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Effective B cell activation in vitro during viremic HIV-1 infection with surrogate T cell stimulation.

08:00 EDT 7th September 2018 | BioPortfolio

Summary of "Effective B cell activation in vitro during viremic HIV-1 infection with surrogate T cell stimulation."

Identifying HIV-1-associated B cell defects and responses to activation may direct interventions to circumvent their impaired antibody responses to infection and vaccines. Among 34 viremic HIV-1-infected and 20 seronegative control adults, we measured baseline frequencies and activation of B and T cell subsets, expression of activation-induced cytidine deaminase (AID), potential determinants of B cell activation in vivo and B and T cell responses in vitro. At baseline, HIV-1 infection was associated with increased IgM memory and decreased anergic cell frequencies, as well as increased activation in all 10 B cell subsets compared with controls. HIV-1 status, T activation, and BAFF were significant potential drivers of B cell activation. Despite high baseline activation among HIV-1-infected subjects, stimulation in vitro with combined surrogates for antigen (anti-IgM), cognate (CD40 ligand) and soluble T cell factors (IL-4) elicited comparable B cell activation, transitions from naïve to class-switched memory cells and AID expression in both groups. In summary, viremic HIV-1 infection perturbs circulating B cell subsets and activation at each stage of B cell maturation. However, that appropriate stimulation of B cells elicits effective activation and maturation provides impetus for advancing vaccine development to prevent secondary infections by circumventing early B cell defects.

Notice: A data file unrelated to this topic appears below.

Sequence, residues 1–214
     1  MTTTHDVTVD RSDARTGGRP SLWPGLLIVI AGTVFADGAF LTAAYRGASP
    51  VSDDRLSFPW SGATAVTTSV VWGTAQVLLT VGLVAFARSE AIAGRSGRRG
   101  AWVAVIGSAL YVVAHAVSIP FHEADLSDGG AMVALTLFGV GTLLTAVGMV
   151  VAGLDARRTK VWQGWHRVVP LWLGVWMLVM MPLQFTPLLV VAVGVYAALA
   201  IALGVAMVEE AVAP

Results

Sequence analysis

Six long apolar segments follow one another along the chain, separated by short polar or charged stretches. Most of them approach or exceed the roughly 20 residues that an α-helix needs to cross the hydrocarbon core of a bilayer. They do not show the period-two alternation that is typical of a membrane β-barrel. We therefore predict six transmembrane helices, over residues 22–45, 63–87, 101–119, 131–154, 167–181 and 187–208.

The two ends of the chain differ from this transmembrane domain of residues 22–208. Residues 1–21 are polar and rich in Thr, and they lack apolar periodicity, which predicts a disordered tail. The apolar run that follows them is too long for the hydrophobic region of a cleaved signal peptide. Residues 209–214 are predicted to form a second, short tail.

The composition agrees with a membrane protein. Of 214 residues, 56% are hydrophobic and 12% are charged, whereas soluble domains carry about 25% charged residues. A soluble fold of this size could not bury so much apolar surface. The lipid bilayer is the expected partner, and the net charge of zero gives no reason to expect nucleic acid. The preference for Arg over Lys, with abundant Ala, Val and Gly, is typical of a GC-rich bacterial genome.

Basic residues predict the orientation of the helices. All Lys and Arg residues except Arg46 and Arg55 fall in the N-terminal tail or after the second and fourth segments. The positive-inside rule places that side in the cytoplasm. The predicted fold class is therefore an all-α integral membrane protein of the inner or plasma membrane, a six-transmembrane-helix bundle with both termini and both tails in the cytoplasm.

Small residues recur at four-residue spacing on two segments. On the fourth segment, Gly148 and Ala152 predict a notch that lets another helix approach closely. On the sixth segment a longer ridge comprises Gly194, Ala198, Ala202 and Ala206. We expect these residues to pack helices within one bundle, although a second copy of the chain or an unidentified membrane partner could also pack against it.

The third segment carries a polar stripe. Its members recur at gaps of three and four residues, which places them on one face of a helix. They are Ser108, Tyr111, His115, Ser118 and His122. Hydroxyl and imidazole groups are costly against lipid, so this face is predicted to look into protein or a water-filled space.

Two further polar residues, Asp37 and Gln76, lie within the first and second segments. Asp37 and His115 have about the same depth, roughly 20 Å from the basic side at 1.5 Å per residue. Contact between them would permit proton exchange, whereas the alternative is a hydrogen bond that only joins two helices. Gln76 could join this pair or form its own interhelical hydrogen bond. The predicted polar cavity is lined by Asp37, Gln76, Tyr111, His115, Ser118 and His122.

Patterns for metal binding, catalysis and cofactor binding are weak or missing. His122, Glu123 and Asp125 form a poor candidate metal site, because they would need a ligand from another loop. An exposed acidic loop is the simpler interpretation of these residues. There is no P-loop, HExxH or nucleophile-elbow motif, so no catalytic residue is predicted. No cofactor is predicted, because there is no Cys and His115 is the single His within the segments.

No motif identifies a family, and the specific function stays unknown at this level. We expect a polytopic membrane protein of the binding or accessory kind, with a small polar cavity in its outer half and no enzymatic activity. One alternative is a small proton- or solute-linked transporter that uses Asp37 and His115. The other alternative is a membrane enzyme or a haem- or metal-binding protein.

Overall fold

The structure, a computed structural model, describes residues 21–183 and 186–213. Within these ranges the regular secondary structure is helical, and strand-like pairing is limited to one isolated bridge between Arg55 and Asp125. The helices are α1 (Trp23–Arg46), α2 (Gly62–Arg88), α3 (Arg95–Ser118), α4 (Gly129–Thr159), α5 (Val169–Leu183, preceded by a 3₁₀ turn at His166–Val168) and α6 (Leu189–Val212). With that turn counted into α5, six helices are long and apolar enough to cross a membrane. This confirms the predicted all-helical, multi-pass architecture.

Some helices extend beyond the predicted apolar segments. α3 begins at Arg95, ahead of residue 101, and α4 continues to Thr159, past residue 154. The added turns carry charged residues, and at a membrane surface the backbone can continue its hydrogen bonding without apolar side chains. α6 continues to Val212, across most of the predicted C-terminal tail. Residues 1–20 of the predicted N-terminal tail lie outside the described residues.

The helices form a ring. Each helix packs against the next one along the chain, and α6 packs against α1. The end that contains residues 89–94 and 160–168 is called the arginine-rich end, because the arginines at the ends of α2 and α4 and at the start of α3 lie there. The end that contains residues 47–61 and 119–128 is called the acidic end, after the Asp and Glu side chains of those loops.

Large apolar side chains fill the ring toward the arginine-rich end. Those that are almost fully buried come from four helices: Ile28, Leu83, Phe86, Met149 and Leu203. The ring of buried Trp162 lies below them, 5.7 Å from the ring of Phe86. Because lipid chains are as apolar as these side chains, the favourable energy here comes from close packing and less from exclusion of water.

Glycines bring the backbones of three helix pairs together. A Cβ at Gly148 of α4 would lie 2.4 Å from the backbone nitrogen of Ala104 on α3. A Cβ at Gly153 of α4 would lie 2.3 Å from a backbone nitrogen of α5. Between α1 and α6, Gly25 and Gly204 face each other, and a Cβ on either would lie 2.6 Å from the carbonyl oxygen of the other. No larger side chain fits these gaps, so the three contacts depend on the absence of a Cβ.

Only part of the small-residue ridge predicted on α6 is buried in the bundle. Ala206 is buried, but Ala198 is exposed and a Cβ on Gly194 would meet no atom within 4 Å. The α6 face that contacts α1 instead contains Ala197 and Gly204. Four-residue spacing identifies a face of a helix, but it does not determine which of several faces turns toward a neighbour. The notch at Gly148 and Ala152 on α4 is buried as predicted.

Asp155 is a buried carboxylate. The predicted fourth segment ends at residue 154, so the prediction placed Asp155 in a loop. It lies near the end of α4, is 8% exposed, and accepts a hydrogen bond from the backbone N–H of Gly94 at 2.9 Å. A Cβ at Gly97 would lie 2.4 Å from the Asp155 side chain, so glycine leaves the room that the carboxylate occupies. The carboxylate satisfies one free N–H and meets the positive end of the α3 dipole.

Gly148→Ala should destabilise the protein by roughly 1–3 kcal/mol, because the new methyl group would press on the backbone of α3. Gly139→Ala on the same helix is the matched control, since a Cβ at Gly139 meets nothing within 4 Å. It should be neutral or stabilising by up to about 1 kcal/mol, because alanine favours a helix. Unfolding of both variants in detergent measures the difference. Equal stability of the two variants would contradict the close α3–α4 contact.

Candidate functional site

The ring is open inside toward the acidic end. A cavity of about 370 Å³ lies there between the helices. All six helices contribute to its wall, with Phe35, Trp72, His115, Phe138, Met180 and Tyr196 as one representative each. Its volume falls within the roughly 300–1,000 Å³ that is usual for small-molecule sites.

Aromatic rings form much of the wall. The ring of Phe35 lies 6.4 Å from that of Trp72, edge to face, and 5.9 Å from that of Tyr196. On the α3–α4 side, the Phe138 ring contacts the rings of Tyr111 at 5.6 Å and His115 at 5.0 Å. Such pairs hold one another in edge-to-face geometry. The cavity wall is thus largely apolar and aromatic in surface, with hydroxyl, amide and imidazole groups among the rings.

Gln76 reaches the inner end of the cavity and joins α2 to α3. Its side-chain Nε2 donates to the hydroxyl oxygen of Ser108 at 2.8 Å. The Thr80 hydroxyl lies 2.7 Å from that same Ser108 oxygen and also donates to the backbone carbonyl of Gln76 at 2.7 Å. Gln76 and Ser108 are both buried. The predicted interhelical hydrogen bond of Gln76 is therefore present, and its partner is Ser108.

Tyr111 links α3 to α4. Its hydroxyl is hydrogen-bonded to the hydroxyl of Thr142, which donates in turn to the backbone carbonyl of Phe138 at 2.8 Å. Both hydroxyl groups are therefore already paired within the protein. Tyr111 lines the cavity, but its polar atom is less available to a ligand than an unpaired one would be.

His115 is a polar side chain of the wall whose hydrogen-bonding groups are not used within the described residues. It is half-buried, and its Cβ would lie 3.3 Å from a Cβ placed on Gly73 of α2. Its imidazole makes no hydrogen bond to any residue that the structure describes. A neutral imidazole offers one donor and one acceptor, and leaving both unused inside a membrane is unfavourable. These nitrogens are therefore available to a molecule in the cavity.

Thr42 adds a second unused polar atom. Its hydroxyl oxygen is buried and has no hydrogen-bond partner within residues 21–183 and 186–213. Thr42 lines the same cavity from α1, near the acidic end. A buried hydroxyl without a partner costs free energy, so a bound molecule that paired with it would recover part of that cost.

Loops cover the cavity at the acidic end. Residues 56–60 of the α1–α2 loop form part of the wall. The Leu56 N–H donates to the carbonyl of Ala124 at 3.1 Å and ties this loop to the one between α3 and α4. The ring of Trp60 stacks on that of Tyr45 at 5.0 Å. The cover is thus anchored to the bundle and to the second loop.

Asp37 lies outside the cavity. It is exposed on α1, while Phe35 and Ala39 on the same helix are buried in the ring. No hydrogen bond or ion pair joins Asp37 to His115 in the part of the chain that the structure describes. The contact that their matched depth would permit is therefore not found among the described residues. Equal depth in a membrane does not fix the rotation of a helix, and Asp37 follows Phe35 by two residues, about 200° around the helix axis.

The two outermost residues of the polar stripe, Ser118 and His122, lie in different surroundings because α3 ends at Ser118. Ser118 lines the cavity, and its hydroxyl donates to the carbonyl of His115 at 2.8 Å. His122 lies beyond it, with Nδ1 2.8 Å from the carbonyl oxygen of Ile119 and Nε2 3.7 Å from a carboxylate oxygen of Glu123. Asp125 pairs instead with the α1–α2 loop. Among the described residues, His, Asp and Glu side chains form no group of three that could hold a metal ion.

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This article was published in the following journal.

Name: Immunobiology
ISSN: 1878-3279
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